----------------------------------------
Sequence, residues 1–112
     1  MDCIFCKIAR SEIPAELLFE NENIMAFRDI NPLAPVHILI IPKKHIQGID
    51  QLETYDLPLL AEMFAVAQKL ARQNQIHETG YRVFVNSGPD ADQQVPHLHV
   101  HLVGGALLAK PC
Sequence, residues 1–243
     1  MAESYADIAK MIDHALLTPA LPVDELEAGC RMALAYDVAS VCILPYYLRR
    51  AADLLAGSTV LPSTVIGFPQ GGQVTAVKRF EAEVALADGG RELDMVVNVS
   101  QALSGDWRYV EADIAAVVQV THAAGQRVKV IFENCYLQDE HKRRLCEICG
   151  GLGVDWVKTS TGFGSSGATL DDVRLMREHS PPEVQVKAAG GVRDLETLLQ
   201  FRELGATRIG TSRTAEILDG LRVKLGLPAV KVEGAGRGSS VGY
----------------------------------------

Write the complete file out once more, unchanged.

Sequence, residues 1–112
     1  MDCIFCKIAR SEIPAELLFE NENIMAFRDI NPLAPVHILI IPKKHIQGID
    51  QLETYDLPLL AEMFAVAQKL ARQNQIHETG YRVFVNSGPD ADQQVPHLHV
   101  HLVGGALLAK PC
Sequence, residues 1–243
     1  MAESYADIAK MIDHALLTPA LPVDELEAGC RMALAYDVAS VCILPYYLRR
    51  AADLLAGSTV LPSTVIGFPQ GGQVTAVKRF EAEVALADGG RELDMVVNVS
   101  QALSGDWRYV EADIAAVVQV THAAGQRVKV IFENCYLQDE HKRRLCEICG
   151  GLGVDWVKTS TGFGSSGATL DDVRLMREHS PPEVQVKAAG GVRDLETLLQ
   201  FRELGATRIG TSRTAEILDG LRVKLGLPAV KVEGAGRGSS VGY